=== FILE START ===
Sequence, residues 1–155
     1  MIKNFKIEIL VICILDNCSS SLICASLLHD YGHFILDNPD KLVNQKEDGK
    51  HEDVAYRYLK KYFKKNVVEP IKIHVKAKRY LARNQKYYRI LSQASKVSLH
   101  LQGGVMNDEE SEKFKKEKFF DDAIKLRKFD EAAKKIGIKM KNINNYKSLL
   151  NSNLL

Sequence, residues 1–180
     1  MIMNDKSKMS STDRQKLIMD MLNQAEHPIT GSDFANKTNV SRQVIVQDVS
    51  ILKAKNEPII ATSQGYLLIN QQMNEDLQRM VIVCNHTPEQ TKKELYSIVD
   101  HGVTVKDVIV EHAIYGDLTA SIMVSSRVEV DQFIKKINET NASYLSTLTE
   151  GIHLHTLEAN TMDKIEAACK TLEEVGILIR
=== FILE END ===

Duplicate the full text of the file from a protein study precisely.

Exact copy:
Sequence, residues 1–155
     1  MIKNFKIEIL VICILDNCSS SLICASLLHD YGHFILDNPD KLVNQKEDGK
    51  HEDVAYRYLK KYFKKNVVEP IKIHVKAKRY LARNQKYYRI LSQASKVSLH
   101  LQGGVMNDEE SEKFKKEKFF DDAIKLRKFD EAAKKIGIKM KNINNYKSLL
   151  NSNLL

Sequence, residues 1–180
     1  MIMNDKSKMS STDRQKLIMD MLNQAEHPIT GSDFANKTNV SRQVIVQDVS
    51  ILKAKNEPII ATSQGYLLIN QQMNEDLQRM VIVCNHTPEQ TKKELYSIVD
   101  HGVTVKDVIV EHAIYGDLTA SIMVSSRVEV DQFIKKINET NASYLSTLTE
   151  GIHLHTLEAN TMDKIEAACK TLEEVGILIR